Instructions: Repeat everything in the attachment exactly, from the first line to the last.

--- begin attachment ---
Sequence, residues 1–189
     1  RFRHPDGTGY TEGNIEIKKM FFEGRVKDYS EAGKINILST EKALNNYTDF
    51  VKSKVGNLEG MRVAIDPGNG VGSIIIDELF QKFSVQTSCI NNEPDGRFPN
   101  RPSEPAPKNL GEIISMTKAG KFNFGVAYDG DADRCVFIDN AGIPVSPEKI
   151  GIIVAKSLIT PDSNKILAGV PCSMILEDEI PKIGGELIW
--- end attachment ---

Sequence, residues 1–189
     1  RFRHPDGTGY TEGNIEIKKM FFEGRVKDYS EAGKINILST EKALNNYTDF
    51  VKSKVGNLEG MRVAIDPGNG VGSIIIDELF QKFSVQTSCI NNEPDGRFPN
   101  RPSEPAPKNL GEIISMTKAG KFNFGVAYDG DADRCVFIDN AGIPVSPEKI
   151  GIIVAKSLIT PDSNKILAGV PCSMILEDEI PKIGGELIW